• Don’t make it so ridiculously long that the other side will throw up their hands when they see it.
• Make sure you have clearly spelled out pricing, when payment is due, and what penalties or interest is owed if payment isn’t made.
• Try and minimize or negate any representations and warranties about the product or service.
• Include limitations on your liability if the product or service doesn’t meet expectations.
• Include a “force majeure” clause relieving you from breach if unforeseen events occur.
• Include a clause on how disputes will be resolved. Our preference is for confidential binding arbitration in front of one arbitrator.
4. Not complying with securities laws when issuing stock to angels/family/friends
• If the founders form a corporation, limited partnership, or LLC, the sale of stock, limited partnership interests, or LLC interests to the founders and later investors will be subject to federal and state securities laws. Most securities laws require that the sale of shares must comply with certain disclosure, filing, and form requirements unless such sales are exempt. Failure to comply with such requirements can result in significant financial penalties for the founders and the start-up company including requiring the start-up company to repurchase all the shares at the original issuance price even if the company has lost most, if not all, of its money. Consequently, in order to avoid such fines, penalties, and repurchase requirements, founders must hire knowledgeable lawyers to document the sales of shares in compliance with such laws.
5. Lack of employment documentation
Business start-ups often encounter problems when they do not maintain adequate employment documentation. Consequently, start-ups should have prepared a core group of employment documents to be signed by most, if not all, employees. A starting list of employment documents for a new company would typically include the following:
• Stock Option documents (if a corporation has been formed), including a Stock Incentive Plan, Notice of Stock Option Grant, and Option Agreement
• “At-Will” employment offer letters (signed by the company and the employee, acknowledging that the employee or employer could terminate employment “at-will”)
• Confidential Information and Inventions Assignment Agreement (discussed below)
• Employee Handbook (setting forth company policies on vacation, conflicts of interest, internet usage, etc.)
• USCIS Form I-9 (to document verification of the identity and employment authorization of each new employee)
• IRS Form W-4 (the employee’s withholding allowance certificate)
• Benefit forms, for benefits available to employees and family members (e.g., health insurance, dental insurance, 401(k), etc.)
6. Not carefully considering intellectual property protection
If you have developed a unique product, technology, or service, you need to consider the appropriate steps to protect the intellectual property you have developed. Both the company’s founders and its investors have a stake in ensuring that the company protects its intellectual property and avoids infringing the intellectual property rights of third parties. Here are some of the common protective measures undertaken by start-ups:
• Patents. Patents are the best protection you can get for a new product. A patent gives its inventor the right to prevent others from making, using, or selling the patented subjected matter described in words in the patent’s claims. The key issues in determining whether you can get a patent are: (1) Only the concrete embodiment of an idea, formula, and so on is patentable, (2) the invention must be new or novel, (3) the invention must not have been patented or described in a printed publication previously, and (4) the invention must have some useful purpose. You obtain a patent from the U.S. Patent and Trademark Office, and this process can take several years and be complicated. You typically need a patent lawyer to draw up the patent application for you.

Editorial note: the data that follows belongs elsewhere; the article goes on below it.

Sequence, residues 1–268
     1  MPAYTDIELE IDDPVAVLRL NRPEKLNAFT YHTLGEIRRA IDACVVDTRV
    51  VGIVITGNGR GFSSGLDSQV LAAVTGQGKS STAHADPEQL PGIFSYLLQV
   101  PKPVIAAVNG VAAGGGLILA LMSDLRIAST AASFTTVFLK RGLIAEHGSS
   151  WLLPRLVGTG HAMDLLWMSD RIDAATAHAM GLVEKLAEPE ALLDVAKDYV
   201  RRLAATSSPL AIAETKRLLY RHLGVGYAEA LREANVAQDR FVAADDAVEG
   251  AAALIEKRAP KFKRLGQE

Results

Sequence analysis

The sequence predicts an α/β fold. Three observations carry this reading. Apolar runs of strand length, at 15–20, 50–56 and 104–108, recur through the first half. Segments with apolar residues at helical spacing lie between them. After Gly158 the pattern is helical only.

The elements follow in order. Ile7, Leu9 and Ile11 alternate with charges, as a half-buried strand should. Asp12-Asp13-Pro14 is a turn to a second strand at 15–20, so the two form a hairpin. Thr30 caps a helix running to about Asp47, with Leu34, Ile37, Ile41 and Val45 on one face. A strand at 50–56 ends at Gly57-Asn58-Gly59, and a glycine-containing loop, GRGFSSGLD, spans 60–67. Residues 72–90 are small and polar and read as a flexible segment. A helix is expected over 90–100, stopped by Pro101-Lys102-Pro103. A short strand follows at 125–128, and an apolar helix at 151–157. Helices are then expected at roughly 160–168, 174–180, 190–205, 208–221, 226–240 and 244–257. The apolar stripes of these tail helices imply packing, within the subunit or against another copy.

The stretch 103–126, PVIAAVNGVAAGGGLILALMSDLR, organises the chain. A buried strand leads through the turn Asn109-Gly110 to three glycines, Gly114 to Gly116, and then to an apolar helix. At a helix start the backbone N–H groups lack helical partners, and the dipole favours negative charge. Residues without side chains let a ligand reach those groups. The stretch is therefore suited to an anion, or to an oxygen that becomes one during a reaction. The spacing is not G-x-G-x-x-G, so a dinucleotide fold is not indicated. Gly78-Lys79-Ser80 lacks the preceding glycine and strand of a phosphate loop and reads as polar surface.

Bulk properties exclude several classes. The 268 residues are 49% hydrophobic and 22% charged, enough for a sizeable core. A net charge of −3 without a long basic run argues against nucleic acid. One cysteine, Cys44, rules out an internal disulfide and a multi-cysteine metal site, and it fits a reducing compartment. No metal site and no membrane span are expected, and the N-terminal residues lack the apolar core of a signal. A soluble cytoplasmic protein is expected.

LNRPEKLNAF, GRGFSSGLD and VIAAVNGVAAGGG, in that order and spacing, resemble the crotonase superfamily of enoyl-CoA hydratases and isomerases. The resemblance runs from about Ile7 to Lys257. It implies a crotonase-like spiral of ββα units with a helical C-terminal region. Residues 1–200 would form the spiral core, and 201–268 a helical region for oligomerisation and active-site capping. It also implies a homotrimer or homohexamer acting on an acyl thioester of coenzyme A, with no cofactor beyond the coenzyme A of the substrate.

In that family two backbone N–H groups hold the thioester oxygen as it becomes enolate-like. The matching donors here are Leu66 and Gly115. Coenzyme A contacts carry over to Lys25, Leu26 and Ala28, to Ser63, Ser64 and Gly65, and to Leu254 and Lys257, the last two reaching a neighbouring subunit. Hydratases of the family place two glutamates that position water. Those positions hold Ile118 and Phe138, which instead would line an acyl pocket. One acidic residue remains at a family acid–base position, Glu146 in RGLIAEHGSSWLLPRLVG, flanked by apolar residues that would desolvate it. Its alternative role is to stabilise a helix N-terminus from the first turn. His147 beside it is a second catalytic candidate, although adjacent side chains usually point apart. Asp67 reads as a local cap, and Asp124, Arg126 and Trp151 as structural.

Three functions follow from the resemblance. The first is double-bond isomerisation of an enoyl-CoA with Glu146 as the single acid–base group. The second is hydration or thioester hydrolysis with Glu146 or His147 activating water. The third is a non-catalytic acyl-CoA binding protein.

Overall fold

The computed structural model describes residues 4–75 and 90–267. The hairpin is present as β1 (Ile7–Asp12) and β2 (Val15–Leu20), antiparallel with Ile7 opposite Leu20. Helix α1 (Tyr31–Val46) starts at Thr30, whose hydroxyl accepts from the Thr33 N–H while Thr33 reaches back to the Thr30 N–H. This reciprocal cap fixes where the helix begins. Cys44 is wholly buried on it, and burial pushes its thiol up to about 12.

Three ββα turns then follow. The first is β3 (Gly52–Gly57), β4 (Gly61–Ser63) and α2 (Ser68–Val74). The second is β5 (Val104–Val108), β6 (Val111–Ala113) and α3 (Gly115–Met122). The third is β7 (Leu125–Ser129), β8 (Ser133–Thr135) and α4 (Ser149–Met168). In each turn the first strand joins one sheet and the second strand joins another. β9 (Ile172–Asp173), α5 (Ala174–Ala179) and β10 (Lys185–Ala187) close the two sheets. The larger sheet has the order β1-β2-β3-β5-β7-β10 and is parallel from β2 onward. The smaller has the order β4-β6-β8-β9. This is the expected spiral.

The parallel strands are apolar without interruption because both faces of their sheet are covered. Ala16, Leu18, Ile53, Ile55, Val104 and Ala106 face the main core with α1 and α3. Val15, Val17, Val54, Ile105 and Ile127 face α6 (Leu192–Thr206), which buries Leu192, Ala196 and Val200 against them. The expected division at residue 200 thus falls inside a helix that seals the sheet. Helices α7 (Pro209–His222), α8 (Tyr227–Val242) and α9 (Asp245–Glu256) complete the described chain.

• Copyrights. Copyrights cover original works of authorship, such as art, advertising copy, books, articles, music, movies, software, etc. A copyright gives the owner the exclusive right to make copies of the work and to prepare derivative works (such as sequels or revisions) based on the work.
• Trademarks. A trademark right protects the symbolic value of a word, name, symbol, or device that the trademark owner used to identify or distinguish its good from those of others. Some well-known trademarks include the Coca-Cola trademark, the American Express trademark, and the IBM trademark. You obtain rights to a trademark by actually using the mark in commerce. You don’t need to register the mark to get rights to it, but federal registration does offer some advantages. You register a mark with the U.S. Patent and Trademark Office.
• Service marks. Service marks resemble trademarks and are used to identify services.
• Trade Secrets. A trade secret right allows the owner of the right to take action against anyone who breaches an agreement or confidential relationship or who steals or uses other improper means to obtain secret information. Trade secrets can range from computer programs to customer lists to the formula for Coca-Cola.
• Confidentiality Agreements. These are also referred to as Non-Disclosure Agreements or NDAs. The purpose of the agreement is to allow the holder of confidential information (such as a product or business idea) to share it with a third party. But then the third party is obligated to keep the information confidential and not use it whatsoever, unless allowed by the holder of the information. There are usually standard exceptions to the confidentially obligations (such as if the information is already in the public domain).
• Confidentiality and Assignment Agreement for Employees. Every employee should be required to sign such an agreement. It accomplishes several purposes. First, it obligates the employee to keep confidential the proprietary information of the business, both during employment and after employment. Second, it ensures any inventions, ideas, products, or services developed by the employee during the term of employment and related to the business belong to the company and not the employee.